Reader’s Advisory – Young Adult: The Booklist Reader

The Booklist Reader blog was in our course document as a Collection Development resource, but I also thought it would be a great resource for Reader’s Advisory. It’s a great site, as it is very current for a book review blog, and it is written by two YA librarians who really know their stuff!

I think this blog would be a great way of generating recommendations for Young Adults, especially because they do a lot of posts on trends and subjects. For example, they had one in March on March Madness, which highlighted YA books about basketball (a great reluctant reader subject!).


I also like how they do “Cover Trends” posts, which feature books with similar covers. For a reader who doesn’t know exactly what they want to read next, a cover similar to something they’ve responded to positively in the past could be a great starting off point! Chances are, the publishers know what they’re doing and it really is a similar read.

Cindy and Lynn also do their own “Best Of” lists, and annual “Book Awards” with really fun, unconventional award topics such as “The Book that Had the Most Holds at One Time (even before the author appeared on the Daily Show with Trevor Noah).”

Reader’s Advisory – Young Adult: The Booklist Reader

Collection Development for Early Childhood – Board Book Buzz | Editors’ Picks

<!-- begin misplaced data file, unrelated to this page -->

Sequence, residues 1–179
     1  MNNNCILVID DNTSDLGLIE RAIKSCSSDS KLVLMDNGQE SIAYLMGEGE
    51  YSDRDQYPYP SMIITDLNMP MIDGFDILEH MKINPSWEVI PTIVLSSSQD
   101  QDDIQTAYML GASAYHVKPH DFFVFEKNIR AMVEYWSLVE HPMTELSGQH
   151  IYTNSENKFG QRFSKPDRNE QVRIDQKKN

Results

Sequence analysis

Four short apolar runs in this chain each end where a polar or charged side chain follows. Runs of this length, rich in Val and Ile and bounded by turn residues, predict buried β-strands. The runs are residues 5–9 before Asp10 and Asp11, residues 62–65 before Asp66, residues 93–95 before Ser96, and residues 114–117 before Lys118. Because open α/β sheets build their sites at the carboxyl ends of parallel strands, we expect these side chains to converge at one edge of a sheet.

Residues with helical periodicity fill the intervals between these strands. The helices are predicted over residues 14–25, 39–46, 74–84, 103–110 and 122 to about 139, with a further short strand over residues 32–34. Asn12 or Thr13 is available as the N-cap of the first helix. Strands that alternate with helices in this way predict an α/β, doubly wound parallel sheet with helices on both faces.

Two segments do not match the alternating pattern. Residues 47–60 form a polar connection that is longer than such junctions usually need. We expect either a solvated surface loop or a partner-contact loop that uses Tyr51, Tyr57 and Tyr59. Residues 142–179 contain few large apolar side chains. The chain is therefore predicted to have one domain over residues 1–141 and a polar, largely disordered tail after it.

When I was researching resources for early childhood collective development, I was excited to come across this annotated list (published by School Library Journal), of 50 “buzz-worthy” board books.  It was published in July 2017, so includes primarily titles for babies, toddlers, and preschool readers that just came out in the past year.

After working in the Strand Book Store’s Children’s Department, I know just how particular parents can be about picking books out for even the littlest readers! Parents and educators look for books on a variety of topics: feelings,  animals, New York City, opposites, colors, counting… the list goes on. Interactivity (such as lift-the-flap and textures), as well as how the book reads (does it rhyme? can you sing it? is it bilingual?) are also super important factors to consider.

Which is why this list is great – the ‘annotations’ give a small summary of the book’s topic or theme, the suggested age, as well as info on how it reads and any special features! (such as this one that uses actual Picasso sketches to teach animal recognition). Also, it features books by diverse authors, as well as several bilingual choices. I think this collection of board books would be an excellent resource for anyone wanting to build a current early childhood library collection.

Collection Development for Early Childhood – Board Book Buzz | Editors’ Picks